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Read the lawsuit in its entirty here.

His removal prompted Lack to look for options on how to regain his job. After failing to come to an agreement with school officials, Lack filed a federal lawsuit on March 20 in the U.S. District Court of the Northern District of Georgia Atlanta District.

Lack alleges in the lawsuit that he was removed as Student Body President as punishment for pursuing the LGBT-friendly prom resolution. Lack’s idea was to rename the “Prom King and Queen” to something more gender neutral, like “Prom Court.”

“They’ve damaged my reputation in some respects,” Lack tells GA Voice. “They’re putting out the position that I was a bad leader, which is hurtful to me because I respect the students, I respect the school.”

Lack says that many AHS students have been supportive of his lawsuit.

“I think we’ve gotten a tremendous amount of support from students. They’re all supporting me behind the idea that it’s a discussion that we need to have.”

Lack, who is straight, says that he’s received support from gay and straight people from across the country since the story broke earlier this week.

“I’ve spoken to them, they’ve been generally supportive of the idea that I’m standing up for them,” Lack says. “I’m getting contacts from people around the country from places like Texas and New York.”

Lack’s story was picked up by national media in the days following the lawsuit filing. He says that he is surprised by how quickly the story has spread. “It made the front page of Reddit,” Lack jokes.

Lack says his goal in filing a lawsuit is clear: he simply wants his job back.

“In the immediacy, we want to get myself reinstated to the student council,” Lack says. “There’s only two months left. In those two months, I can do a lot of good for my school.” Lack said he intends to reintroduce the prom resolution if he is reinstated.

Lack says that he’s not sure what motivated the student council faculty adviser to force the council to drop the debate on the LGBT-friendly prom resolution.

“In the meeting, the teacher adviser was visibly uncomfortable when I brought it up. I can only speculate to what her motivation was. We were coming to a consensus and I think that’s why she shot it down.

“Beyond that, there’s a larger issue,” Lack continues. “If we don’t win this, schools have carte blanche to remove students when they have controversial viewpoints, even when that viewpoint is expressed in a meaningful and constructive way.”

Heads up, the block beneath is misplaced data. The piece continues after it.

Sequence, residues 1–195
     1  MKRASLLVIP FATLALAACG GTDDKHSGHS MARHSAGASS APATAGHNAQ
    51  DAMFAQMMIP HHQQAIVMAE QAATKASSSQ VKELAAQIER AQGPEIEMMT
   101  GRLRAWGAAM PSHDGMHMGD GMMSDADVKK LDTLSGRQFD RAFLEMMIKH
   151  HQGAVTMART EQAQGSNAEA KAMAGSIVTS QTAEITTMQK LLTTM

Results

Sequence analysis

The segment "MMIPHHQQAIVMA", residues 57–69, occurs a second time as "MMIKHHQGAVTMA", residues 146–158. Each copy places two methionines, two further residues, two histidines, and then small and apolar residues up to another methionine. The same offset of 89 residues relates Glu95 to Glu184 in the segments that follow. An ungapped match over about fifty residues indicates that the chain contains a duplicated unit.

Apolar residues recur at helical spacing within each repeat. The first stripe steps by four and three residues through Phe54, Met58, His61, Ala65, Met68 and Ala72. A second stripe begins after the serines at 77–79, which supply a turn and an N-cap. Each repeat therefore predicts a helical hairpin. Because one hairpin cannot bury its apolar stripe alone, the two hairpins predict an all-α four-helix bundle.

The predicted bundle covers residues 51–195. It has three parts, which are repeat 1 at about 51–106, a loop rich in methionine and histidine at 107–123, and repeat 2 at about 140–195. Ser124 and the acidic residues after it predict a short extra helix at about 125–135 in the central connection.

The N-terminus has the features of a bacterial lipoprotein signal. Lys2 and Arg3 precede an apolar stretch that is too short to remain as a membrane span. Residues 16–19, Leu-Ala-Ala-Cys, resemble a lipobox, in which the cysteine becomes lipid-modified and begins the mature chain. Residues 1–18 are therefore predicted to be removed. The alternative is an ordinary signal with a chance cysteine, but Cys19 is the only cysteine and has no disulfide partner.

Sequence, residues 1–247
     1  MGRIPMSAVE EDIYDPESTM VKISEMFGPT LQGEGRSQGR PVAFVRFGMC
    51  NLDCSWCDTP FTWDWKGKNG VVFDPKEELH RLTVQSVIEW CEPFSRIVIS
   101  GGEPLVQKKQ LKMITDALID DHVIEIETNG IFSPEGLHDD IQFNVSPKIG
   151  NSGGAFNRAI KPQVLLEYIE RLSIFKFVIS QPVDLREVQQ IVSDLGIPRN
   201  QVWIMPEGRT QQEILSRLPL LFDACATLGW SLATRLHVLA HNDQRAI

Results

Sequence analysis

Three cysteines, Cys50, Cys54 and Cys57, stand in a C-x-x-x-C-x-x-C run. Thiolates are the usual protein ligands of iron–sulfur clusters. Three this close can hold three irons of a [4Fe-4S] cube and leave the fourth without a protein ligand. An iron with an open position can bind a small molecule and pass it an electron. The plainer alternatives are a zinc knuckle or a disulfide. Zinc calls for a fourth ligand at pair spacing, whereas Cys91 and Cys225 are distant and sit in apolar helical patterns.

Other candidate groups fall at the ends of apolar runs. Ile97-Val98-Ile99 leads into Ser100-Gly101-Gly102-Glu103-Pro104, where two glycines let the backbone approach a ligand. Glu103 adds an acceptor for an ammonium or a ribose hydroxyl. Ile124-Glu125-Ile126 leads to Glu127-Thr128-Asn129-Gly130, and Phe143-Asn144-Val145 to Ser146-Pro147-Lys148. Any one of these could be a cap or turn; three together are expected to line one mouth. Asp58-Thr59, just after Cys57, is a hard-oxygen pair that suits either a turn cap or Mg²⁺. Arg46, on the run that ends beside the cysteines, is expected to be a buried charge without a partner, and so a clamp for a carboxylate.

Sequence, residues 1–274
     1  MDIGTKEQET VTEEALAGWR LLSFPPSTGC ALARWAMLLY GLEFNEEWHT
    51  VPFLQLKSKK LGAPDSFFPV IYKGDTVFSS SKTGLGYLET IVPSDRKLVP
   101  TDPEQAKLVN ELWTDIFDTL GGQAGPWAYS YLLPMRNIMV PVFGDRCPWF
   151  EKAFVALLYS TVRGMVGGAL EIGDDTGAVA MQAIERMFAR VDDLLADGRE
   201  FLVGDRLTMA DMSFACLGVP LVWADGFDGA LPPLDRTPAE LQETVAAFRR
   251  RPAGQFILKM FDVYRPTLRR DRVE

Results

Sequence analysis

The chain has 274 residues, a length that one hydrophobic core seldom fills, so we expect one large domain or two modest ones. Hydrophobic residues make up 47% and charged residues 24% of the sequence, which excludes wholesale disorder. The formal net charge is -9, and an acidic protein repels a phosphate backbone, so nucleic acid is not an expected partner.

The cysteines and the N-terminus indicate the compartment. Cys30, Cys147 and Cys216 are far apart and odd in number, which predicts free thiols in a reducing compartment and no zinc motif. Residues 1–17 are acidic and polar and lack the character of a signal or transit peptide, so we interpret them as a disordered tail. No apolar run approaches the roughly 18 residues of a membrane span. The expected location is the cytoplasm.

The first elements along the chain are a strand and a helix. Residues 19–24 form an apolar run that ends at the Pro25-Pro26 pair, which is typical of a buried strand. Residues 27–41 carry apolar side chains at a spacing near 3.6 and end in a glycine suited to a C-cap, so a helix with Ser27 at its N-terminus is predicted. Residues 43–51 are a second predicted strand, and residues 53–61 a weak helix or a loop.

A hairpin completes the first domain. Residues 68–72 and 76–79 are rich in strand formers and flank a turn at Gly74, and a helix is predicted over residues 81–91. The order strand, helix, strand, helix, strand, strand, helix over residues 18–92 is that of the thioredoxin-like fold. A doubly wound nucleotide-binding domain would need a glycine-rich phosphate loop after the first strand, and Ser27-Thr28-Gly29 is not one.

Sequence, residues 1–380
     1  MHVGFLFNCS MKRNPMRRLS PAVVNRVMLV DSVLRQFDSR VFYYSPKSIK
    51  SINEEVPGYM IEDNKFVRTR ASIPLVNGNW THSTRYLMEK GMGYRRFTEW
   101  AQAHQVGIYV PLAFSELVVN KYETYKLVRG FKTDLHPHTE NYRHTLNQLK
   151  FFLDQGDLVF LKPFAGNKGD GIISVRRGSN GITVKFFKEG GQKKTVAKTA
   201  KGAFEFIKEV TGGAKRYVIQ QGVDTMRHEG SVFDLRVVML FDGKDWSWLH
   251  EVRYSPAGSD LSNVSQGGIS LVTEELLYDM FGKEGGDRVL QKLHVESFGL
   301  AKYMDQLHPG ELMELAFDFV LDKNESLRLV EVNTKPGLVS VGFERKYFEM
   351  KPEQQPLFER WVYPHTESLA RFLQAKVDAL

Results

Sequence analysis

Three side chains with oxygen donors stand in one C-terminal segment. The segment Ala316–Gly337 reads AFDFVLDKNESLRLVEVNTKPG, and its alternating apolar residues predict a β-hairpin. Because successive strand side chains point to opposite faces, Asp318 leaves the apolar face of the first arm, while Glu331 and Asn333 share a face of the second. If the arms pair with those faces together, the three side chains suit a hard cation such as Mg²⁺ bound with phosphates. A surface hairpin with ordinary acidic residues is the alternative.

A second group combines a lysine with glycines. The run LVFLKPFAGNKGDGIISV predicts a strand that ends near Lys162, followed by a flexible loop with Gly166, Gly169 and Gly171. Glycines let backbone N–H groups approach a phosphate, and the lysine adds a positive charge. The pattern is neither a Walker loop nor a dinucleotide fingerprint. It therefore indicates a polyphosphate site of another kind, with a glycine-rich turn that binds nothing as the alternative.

Lack’s attorney, James Radford, says that the law is on his client’s side.

“There’s a whole line of cases about first amendment rights in schools,” Radford says. “Students retain their First Amendment rights so long as their speech is not substantially disruptive. The school cannot punish speech like that when it’s protected.”

Radford is optimistic.

“We’re on the right side of the law and the facts on this case. I think we will prevail,” Radford adds. “I don’t know if we’re going to have to fight them until the bitter end or if they’ll be willing to work with us. I’m going to do whatever I can to get him reinstated.”

As for what’s next for Lack, the high school senior says he will be attending college in the fall. His top three choices are Dartmouth, Harvard and Emory, three schools with acclaimed debate teams. He hopes to become a lawyer.

No hearings have been scheduled in the case, but Radford says that he’s asked the court for an expedited hearing.

“We just filed the lawsuit. We’ve asked the court for an immediate hearing. We haven’t gotten a date for that yet. We hope that it will be soon. Every day that passes is a day that he’s deprived of an honor that he’s earned,” Radford adds.

In addition to seeking to be reinstated as the school’s Student Body President, Lack is also suing for punitive damages and legal costs.

Top photo: Reuben Lack is suing Alpharetta High School after he was forcefully removed from his position as Student Body President for introducing an LGBT-friendly prom resolution, according to a lawsuit filed by Lack (by Ryan Watkins)

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